If we assess the social changes that have occurred in the Indian society from the middle of the 19th century, we notice the two directions in which such social changes have proceeded.
- Certain changes in the traditional values and conventions have been wholly beneficial and are the result of the social reform movements which had or marginal influence on the society during the second half of the 19th century but gathered momentum since 1920’s when the Indian National Movement became mass based.
- The second set of changes which have been increasing in intensity or coverage throughout the 20th century particularly after Independence, constitute the disturbing features of the present Indian society and have generally turned out to be serious problems. Such features are increasing (now explosive) population, increasing disorganization at all levels, crass materialism coupled with religiosity but without morality, increase in sophisticated crimes and socio-economic crimes, etc.
Some of the major areas in which social change is significant in the post-Independent India are the caste system, status of women, the status and role of backward classes, family, etc.
Social change in India may be considered as a process through which definite alterations in the structures and functions of a particular social system result. A particular social change may be good or bad, desirable or undesirable, sacred or profane, progressive or regressive depending upon the views and understanding of the observer. It is to be understood that when a particular social change occurs it will be evaluated in the light of the ideals, goals and theories of the observer.
The change implies continuity. Only when certain existing conditions, situations or things are partially modified we use the term ‘change’. So change and continuity coexist. Any social change may produce discernible and widespread changes in social structures, functions, behaviour, values, norms, and ways of life, attitudes, roles and status. Regarding social changes, sociologists have made detailed studies and have formulated various theories on the direction of change, factors of change and areas of change.
In the Indian context certain terms, Westernization, Sanskritization and Modernization are used to explain the direction of social change. The various factors of social changes in India are technology, industrialization, urbanization, legislation, education, economic factors, planning, religion and mass media.
Category: Blog, Indian Society
This article provides information about the Various Causes of Social Change !
One of the central concerns of the sociology of development is change. In societies of all times there is change affecting every realm of life social, economic, cultural, technological, demographic, ecological and so on.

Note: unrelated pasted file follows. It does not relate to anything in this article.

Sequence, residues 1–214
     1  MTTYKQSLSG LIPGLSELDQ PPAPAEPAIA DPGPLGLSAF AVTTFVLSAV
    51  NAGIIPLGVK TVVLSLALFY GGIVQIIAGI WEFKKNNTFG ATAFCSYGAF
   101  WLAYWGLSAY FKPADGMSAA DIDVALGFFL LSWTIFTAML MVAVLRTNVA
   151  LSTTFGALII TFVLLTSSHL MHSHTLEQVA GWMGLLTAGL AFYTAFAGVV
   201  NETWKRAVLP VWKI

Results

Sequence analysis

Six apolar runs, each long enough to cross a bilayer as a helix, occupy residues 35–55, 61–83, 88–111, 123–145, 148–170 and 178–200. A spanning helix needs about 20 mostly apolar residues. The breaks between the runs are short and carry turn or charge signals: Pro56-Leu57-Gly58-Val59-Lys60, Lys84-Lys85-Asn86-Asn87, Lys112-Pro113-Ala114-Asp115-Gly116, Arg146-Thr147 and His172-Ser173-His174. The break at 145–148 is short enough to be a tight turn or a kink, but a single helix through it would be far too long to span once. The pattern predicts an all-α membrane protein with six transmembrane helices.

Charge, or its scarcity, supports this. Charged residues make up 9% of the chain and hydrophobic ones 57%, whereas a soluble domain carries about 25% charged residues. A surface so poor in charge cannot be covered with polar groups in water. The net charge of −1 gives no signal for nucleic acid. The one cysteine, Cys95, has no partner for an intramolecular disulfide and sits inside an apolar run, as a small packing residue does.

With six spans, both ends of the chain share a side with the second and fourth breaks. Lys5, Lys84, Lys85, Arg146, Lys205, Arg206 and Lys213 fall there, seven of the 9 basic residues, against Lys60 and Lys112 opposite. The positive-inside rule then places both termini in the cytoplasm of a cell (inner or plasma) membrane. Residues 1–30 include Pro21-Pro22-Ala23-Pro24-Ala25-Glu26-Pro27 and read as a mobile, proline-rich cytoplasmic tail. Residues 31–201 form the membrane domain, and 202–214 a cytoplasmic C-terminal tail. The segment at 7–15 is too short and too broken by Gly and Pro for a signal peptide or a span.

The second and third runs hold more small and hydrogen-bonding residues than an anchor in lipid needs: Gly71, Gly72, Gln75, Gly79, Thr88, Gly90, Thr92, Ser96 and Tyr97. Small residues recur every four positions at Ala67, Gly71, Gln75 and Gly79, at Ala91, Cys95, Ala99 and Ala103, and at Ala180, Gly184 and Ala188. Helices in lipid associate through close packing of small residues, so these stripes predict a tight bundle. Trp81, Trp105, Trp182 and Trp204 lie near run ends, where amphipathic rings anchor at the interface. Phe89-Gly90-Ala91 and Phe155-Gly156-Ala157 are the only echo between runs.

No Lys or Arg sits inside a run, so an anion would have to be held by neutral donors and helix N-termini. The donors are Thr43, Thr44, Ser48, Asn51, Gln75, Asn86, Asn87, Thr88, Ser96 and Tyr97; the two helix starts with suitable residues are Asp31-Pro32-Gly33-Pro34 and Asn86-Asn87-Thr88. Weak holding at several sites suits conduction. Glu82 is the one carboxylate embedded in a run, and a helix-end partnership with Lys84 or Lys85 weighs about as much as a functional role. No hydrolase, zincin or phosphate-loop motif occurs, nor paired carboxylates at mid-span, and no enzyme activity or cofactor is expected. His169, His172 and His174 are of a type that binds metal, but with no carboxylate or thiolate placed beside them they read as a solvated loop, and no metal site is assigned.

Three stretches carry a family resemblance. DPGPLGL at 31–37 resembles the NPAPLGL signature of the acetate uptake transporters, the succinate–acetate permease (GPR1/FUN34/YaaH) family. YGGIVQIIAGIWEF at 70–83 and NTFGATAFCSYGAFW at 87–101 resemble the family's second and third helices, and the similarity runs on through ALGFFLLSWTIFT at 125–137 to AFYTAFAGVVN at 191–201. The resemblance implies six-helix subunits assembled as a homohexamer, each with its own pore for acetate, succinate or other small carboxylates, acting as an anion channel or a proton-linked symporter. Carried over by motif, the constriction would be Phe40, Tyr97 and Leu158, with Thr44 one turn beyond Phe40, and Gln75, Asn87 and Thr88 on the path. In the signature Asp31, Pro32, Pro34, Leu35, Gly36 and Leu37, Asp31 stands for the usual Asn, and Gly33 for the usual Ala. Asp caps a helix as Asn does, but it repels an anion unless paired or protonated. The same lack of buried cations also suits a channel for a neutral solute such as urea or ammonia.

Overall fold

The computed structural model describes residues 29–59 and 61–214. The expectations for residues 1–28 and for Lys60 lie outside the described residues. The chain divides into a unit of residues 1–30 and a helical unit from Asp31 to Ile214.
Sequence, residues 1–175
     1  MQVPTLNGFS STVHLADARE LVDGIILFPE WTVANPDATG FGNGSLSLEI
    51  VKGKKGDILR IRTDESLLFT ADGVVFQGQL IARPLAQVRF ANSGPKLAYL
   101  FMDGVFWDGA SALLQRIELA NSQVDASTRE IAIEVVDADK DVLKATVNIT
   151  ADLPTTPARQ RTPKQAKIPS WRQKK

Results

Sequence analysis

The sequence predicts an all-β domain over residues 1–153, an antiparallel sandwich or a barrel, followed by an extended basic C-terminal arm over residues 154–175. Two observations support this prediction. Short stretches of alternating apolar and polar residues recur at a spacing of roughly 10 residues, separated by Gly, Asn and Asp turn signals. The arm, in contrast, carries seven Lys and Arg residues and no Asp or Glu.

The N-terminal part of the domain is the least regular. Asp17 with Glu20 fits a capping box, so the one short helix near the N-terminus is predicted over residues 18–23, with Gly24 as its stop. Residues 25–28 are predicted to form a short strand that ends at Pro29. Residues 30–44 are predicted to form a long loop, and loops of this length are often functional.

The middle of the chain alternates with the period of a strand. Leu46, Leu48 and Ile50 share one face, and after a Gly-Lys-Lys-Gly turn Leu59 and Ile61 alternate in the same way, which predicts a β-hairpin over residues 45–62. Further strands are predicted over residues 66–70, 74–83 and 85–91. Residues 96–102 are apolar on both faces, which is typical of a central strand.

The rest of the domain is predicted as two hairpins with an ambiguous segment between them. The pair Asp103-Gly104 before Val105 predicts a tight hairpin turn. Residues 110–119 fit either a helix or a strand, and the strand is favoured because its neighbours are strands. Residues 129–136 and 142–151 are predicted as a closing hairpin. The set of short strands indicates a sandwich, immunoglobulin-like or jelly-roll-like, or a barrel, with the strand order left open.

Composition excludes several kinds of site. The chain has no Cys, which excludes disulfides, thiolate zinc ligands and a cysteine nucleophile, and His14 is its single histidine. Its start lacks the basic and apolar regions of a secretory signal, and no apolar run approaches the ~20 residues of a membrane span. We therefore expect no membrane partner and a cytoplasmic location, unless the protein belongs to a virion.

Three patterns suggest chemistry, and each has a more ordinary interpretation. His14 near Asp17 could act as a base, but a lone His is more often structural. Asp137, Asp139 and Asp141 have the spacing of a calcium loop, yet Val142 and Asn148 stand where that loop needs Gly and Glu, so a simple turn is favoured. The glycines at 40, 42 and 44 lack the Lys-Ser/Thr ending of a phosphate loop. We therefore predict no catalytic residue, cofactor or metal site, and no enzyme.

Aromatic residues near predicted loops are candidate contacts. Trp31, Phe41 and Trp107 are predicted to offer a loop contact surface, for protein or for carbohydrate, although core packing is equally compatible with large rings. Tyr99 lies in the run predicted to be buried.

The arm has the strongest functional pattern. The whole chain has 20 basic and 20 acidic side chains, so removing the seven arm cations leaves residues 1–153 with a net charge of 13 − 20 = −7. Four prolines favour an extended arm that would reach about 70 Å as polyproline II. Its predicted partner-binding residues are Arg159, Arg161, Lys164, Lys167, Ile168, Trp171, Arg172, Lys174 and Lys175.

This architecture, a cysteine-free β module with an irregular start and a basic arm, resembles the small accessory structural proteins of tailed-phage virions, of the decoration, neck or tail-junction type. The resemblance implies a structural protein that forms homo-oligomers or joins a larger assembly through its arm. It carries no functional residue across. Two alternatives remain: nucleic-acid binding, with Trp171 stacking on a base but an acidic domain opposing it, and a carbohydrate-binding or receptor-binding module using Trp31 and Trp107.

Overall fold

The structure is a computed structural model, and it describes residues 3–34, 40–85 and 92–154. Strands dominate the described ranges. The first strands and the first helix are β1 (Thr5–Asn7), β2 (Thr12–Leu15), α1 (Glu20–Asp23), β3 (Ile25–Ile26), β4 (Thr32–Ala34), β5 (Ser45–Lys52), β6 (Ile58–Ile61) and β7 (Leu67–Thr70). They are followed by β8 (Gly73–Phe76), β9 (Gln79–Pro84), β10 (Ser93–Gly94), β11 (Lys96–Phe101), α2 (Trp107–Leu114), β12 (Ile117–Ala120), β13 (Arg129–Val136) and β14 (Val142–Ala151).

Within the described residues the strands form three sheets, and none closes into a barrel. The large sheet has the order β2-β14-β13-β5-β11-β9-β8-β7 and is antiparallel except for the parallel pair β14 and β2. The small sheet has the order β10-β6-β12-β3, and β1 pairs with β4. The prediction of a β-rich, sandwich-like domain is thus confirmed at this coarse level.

Image Courtesy : efnet.si/en/files/2013/01/trajnostni-razvoj.jpg
Social scientists have underlined social change in terms of a change in relationships, organisation, culture, institution, structure and functioning of the social system. By social change, Kingsley Davis meant only such alterations that affect the organisation, structure and functions of society. Robert A. Nisbet views social change as a succession of differences in time within a persisting identity. To John J. Macionis social change is “the transformation of culture and social institutions over time.”
There are few identifiable characters of social change. Some of them are as follows: that social change happens everywhere, but the rate of change varies from place to place; that social change is sometimes intentional but often unplanned; that social change may generate controversy; that some changes matter more than others do. For example, the invention of personal computers was more important than, say, patch dolls. These are some of the major factors that highlight the causes of social change:
i. A large part of change in society is caused by change in culture. Culture is a system that constantly loses and gains components. Invention, discovery and diffusion are considered to be the main sources of cultural change.
Inventions produce new products, ideas, and social patterns. It is a new combination or a new use of existing knowledge. Inventions may be classified into material (telephone, aeroplane), and social inventions (alphabet, language, government, etc.). Each invention is new in form, function and meaning and has long-term possibilities of impact. Discovery is finding something that has never been found before, or finding something new in something that already exists.
A discovery adds something new to the culture and becomes a factor in social change only when it is put to use. Diffusion is a process of the spreading of ideas, culture and objects to other societies. It operates both within societies and between societies involving trading, migration, and mass communication. It is indeed a two way process:
ii. New ideas and modification of old ideas in a new context bring wide-scale changes in society. For example, Max Weber established that rationalisation of religious ideas brought about phenomenal change in Protestant world.
iii. Demographic change is caused by an increase in birth and decline in death and migration of populations. Change occurs from the demographic transition in society.
iv. Social change is also caused by tension and conflict. Structural strain, deprivation, cultural revitalisation have been the major causes of conflict. Again social division based on class, caste, gender, ethnicity, estate, etc. have also been important sources of conflict in society.
v. Social movements are organised efforts of groups of people to bring about deliberate change in the values, norms, institutions, culture relationships and traditions of the society. They also generate new identities and a new perspective.